“Jesus,” mutters Bowles.

  “No gang affiliations while incarcerated, but he was part of a bad riot at Sing Sing. We’re tracking down his cellmates and sending agents to interview them. Gaines never picked up a paintbrush in his life until his first term in Sing Sing—1975. He showed so much promise that the warden showed his stuff to some New York dealers. They apparently kept an eye on him, because during his second hitch, they made some sales for him. He attracted the attention of the New York art community, much as Jack Henry Abbott attracted the attention of Norman Mailer and those other chumps with his ‘Belly of the Beast’ nonsense.”

  “Is that when Wheaton first heard about Gaines?” asks Kaiser.

  “Wheaton isn’t mentioned by anyone at that time in connection with Gaines. Wheaton’s always been a recluse, associates with no other artists. Since his diagnosis, he’s broken off all contact with everyone but his dealer and his students. Local patrons of the arts in New Orleans have invited him for parties, dinner, like that, but he always declines. The president isn’t happy about that.”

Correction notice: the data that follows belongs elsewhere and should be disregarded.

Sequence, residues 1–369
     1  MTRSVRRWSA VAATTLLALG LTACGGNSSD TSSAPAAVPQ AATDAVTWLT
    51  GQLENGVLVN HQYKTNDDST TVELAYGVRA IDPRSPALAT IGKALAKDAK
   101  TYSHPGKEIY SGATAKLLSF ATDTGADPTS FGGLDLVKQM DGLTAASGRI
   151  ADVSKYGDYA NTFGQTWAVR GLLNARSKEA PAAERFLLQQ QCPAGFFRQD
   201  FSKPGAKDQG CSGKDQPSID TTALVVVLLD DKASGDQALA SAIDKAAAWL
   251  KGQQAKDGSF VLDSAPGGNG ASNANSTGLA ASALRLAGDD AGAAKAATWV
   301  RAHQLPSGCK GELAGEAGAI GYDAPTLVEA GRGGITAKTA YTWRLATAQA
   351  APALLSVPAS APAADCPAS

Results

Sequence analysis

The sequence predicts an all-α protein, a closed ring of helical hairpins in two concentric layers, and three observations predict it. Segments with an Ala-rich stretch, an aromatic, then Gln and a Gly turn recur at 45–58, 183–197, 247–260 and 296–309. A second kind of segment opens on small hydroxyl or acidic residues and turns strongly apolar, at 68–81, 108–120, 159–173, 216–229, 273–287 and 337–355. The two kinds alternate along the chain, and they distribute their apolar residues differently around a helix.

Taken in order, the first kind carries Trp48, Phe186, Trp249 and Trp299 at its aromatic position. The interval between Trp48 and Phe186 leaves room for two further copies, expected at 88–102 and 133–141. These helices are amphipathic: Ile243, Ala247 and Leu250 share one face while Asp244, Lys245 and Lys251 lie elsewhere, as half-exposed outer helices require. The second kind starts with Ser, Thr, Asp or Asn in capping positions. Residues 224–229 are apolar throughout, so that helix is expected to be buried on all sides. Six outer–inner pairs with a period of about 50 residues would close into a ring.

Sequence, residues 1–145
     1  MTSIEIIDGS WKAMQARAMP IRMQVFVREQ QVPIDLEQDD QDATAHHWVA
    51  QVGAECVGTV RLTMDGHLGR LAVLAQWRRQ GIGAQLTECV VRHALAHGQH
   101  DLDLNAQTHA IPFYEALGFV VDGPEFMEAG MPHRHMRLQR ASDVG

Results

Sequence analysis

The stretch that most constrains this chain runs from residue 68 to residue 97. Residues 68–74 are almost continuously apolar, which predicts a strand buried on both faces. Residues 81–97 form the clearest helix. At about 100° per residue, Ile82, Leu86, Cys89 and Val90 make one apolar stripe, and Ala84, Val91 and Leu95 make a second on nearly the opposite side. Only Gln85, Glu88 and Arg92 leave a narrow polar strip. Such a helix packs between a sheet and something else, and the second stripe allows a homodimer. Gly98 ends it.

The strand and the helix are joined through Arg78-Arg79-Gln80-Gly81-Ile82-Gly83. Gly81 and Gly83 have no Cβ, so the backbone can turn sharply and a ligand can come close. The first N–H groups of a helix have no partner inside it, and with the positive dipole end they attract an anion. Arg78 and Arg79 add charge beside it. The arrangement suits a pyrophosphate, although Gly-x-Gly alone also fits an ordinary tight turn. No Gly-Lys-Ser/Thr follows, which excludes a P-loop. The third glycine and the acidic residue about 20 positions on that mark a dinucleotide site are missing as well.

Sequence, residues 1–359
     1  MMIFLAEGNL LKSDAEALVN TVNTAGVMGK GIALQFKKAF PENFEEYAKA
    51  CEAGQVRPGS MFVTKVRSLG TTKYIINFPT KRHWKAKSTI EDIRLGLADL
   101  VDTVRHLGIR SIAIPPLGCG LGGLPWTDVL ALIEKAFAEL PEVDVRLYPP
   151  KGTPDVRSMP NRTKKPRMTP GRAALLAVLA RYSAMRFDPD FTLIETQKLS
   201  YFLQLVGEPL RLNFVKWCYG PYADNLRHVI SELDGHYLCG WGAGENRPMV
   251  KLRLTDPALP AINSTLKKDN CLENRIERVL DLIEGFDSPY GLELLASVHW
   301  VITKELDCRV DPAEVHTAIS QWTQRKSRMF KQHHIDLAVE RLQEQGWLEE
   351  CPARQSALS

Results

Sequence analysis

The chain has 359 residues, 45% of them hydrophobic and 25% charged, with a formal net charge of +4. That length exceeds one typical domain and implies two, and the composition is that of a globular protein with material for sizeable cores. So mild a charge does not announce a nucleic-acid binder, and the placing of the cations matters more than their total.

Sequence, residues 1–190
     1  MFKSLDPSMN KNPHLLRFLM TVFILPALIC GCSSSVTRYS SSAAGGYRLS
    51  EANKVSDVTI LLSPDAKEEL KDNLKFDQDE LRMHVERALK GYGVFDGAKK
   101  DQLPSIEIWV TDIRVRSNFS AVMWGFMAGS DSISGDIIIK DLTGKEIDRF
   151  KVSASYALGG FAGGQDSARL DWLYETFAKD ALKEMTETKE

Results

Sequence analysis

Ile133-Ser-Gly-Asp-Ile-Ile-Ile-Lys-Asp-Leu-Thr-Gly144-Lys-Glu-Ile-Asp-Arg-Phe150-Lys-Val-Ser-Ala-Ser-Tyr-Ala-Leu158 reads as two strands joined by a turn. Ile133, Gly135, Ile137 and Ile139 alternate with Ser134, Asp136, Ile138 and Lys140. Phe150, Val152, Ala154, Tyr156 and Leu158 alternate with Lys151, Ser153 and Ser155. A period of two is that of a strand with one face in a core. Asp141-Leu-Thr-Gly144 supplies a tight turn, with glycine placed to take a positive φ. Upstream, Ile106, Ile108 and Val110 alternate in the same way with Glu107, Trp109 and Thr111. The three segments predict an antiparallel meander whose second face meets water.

“What does Gaines paint?” asks Kaiser.

  “He started with prison scenes. Now he paints nothing but his girlfriend. Whatever girlfriend he has at the time. As far as we can tell, he’s regularly abused every woman he’s ever been with. He paints that, as well, by the way. Reviews of his stuff call it ‘violent,’ and that’s a quote.”

  “How many applicants did Wheaton have to choose from when he picked this guy?”

  “More than six hundred.”

  “Jesus. Why did he pick Gaines?”

  “You can ask him that tomorrow.”

  Kaiser tenses beside me. “I’m doing the interview?”

  “We’ll get to that after we cover these bios,” Baxter says quickly.

  The rivalry between Kaiser and Lenz will surely come to a head over this.

  “So Gaines is essentially painting a series, as well?” I ask. “The same subject again and again? Just like Wheaton and the UNSUB?”